The flood of reserves effectively lowered interest rates because banks now had more money to loan. The increased money supply made money "cheap". Since the Fed can no longer adjust the total amount of reserves to influence interest rates they now use different methods.
The first is by adjusting the Interest on Excess Reserves or the IOER. This allows the Fed to control the amount of money released into the economy domestically.
The other method the Fed uses to manage interest rates is via the Overnight Reverse Repo Facility. This is what allows the Fed to control the money supply that is outside of banks.


Prior to the financial crisis, banks were not paid interest on excess reserves. However The Emergency Economic Stabilization Act of 2008 changed this. Suddenly banks had an incentive to hold reserves at the Fed instead of lending it out into the economy.
When the IOER is increased there is more incentive to keep the money parked since it collects more interest. Since the money is parked at the Fed, the economy's money supply is reduced which increases interest rates and reduces economic activity.
Vice versa, when the IOER is decreased banks have more incentive to lend out the money. The money supply is increased and interest rates fall while also producing inflation.

The Overnight Reverse Repo Facility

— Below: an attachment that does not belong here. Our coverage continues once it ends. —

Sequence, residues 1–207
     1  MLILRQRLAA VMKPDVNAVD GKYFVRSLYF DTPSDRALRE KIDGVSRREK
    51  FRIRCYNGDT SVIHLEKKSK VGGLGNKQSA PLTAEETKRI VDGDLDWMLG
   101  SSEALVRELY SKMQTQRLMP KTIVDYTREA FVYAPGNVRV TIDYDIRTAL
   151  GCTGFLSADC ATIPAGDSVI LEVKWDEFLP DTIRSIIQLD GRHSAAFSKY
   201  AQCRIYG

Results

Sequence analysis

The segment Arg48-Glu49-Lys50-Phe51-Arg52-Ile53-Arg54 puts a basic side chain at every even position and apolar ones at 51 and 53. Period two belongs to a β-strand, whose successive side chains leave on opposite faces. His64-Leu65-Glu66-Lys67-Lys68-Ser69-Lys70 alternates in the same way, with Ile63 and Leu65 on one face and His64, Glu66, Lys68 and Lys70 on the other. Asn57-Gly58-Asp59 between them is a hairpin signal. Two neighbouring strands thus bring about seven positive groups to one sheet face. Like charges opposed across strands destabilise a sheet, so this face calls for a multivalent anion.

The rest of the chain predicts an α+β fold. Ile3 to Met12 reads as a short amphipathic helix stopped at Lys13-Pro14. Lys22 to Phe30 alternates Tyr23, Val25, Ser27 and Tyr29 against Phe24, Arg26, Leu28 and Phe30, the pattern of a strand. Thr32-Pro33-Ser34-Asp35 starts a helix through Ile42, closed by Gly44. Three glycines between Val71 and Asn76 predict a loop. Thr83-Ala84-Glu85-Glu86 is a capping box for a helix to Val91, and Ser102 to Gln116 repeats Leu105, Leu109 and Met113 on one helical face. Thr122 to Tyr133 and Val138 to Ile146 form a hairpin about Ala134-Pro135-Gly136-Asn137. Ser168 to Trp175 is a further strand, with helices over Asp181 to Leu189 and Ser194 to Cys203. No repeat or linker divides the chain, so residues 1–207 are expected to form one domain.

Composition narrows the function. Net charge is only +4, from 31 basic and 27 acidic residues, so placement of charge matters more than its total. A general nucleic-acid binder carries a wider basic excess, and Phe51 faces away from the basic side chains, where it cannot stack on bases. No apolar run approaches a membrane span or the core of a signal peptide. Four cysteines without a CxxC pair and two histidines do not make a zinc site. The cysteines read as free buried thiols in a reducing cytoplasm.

The Overnight Reverse Repo facility sounds complex but it works similar to a pawn shop.
When individuals needs money and have an asset as collateral they can enter into a "repurchase" or "repo" agreement where they sell the asset but then agree to repurchase it at a later date with interest. This gives them an injection of money that was previously locked into the asset.
The lender or buyer of the asset agrees to this since the asset can be used as collateral in event of non-payment and makes some interest if the seller does repurchase the asset. From the lender's side, this is a "reverse repurchase agreement".
In the RRP facility, entities that do no have reserve accounts lend the Fed money while the Fed uses its treasuries as collateral. The banks then collect interest on this loan. When this contract is continuously rolled over day to day, the entity effectively uses the Fed as a savings account despite officially not having a Fed account that can hold reserves.